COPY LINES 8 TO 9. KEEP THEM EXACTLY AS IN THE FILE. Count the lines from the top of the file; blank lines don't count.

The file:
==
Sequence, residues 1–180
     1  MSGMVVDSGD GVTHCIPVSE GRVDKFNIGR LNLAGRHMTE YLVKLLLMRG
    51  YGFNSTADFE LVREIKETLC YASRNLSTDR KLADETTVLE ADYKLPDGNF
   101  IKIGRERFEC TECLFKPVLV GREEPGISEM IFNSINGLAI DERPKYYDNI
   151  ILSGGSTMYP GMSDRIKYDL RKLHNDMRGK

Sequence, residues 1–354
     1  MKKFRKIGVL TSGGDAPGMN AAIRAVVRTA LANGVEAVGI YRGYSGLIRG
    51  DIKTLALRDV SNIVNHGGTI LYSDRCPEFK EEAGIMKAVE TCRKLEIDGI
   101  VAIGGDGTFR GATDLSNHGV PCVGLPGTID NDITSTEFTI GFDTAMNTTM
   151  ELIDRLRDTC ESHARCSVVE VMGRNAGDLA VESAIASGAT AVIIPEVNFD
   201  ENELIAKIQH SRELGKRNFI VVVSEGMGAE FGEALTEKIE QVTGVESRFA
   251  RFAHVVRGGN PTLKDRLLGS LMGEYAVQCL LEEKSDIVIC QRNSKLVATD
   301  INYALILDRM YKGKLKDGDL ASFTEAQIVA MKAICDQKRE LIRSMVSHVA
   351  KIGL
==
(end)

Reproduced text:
    51  DIKTLALRDV SNIVNHGGTI LYSDRCPEFK EEAGIMKAVE TCRKLEIDGI
   101  VAIGGDGTFR GATDLSNHGV PCVGLPGTID NDITSTEFTI GFDTAMNTTM